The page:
Without any systems, this is a just a hobby and will not turn into a profitable venture.
Building the Team
I have written about the importance of your rolodex in the past and cannot stress this enough. A great example of this is when you have a problem with your rental property. Recently we had a 500 year storm that landed right on some of my properties and flooded them. My tenants were pissed and the properties needed attention right away. I had two properties flood and was able to make two phone calls and two problems were solved while many people were calling contractors right out of the phonebook. Not only did I save a bunch of money by knowing who to call, but I had my problem fixed right away, which made my tenants happy and allowed me to continue to spend time with my family with virtually no stress.
That is just one example, and I am sure it will relate to many of you, but there is much more to it than that. It is nice to have multiple vendors so you can price different things to save yourself money, or get different ideas on how to handle situations that come up. It is also a way to being in more deals and creates more revenue sources. There are several members to your team and it is not limited to the obvious attorneys, lenders, insurance etc. It is other business owners, advertisers, real estate professionals and more.
If you live in the Twin Cities or in Denver, you will get a chance to meet many people that could play an important role in your business success. Each year we do a round table meeting where you get to meet some of the powerful vendors that are on my team; the ones that I feel comfortable referring to you. You will get a chance to sit down with them and pick their brain on their specialty. We will have attorneys, lenders, insurance agents, title companies and more. This meeting has literally changed people’s lives. Click here to check out a quick video of an individual that attended one of these free meetings. I hope you will join us for one of our January Round Table Meetings.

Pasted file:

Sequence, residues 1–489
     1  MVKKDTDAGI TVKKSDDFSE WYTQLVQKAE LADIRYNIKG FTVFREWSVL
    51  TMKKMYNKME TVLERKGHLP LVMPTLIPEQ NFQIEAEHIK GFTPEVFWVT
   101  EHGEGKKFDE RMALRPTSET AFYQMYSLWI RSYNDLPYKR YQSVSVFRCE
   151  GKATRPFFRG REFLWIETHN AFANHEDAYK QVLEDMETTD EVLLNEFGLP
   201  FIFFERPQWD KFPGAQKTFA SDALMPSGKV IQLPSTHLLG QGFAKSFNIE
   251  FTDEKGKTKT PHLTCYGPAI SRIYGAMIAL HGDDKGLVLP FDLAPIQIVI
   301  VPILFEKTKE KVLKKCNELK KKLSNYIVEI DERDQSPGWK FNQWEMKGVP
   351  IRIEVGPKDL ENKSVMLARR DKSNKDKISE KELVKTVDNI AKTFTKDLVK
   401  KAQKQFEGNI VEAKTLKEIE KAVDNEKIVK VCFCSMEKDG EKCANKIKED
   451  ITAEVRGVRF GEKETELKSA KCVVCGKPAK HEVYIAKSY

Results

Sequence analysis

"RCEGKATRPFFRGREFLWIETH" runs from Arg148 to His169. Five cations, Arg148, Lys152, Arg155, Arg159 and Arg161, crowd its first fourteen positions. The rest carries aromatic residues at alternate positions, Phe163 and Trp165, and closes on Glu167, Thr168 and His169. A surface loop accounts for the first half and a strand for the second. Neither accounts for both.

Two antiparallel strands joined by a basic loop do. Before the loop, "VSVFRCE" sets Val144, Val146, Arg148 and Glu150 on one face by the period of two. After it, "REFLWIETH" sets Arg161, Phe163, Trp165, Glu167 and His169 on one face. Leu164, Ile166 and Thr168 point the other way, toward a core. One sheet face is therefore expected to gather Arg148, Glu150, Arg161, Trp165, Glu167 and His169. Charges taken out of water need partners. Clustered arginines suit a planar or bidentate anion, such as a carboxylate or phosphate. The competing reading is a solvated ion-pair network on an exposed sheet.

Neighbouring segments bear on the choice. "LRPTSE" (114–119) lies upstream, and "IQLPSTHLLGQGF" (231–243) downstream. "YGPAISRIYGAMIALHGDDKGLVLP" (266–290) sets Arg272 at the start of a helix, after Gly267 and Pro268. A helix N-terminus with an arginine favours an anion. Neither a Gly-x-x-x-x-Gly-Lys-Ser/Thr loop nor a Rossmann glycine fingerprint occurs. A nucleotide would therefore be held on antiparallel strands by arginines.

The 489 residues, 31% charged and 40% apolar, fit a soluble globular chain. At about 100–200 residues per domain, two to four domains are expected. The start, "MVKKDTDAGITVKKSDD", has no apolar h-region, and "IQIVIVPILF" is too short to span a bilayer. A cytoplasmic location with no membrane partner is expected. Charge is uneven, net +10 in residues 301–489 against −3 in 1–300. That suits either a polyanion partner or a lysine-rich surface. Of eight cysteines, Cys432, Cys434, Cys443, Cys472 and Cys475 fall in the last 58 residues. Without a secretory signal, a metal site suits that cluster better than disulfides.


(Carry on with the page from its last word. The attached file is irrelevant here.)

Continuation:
This sounds so simple and probably does not even need mentioning, but I know some who struggle with this; especially when they are getting started, because getting deals done is so important. I want to stress that if you are honest with people, even killing deals occasionally, that karma comes around. I have always believed that if I do what I say and I return phone calls, I could grow a successful company. I would much rather over disclose and lose a deal than have someone upset with their experience with us. I stress this with everyone in our office and we all take pride in this. We will always tell you what you need to hear, and sometimes it is not what you expect or hope to hear. Occasionally, people take this personal and choose not to work with us, but most of our clients appreciate our direct and honest approach.
There is a lot more to this than just being honest with others though. Your biggest struggle is probably being honest with yourself. If you made a mistake or are currently making a mistake, you need to have the strength to admit it to yourself or you cannot fix it. Sometimes looking yourself in the mirror and telling yourself you are not doing something correctly or that there is a better way to do something can take your business to the next level.
I want to point out that I did not specifically mention your asset protection plan as part of your foundation. Many people will argue that I should include that. I think it is important, but it should not be a focus when you are getting started. Your focus needs to be a good foundation and cash flow. Once you have assets to protect, go ahead and shift some of your focus there.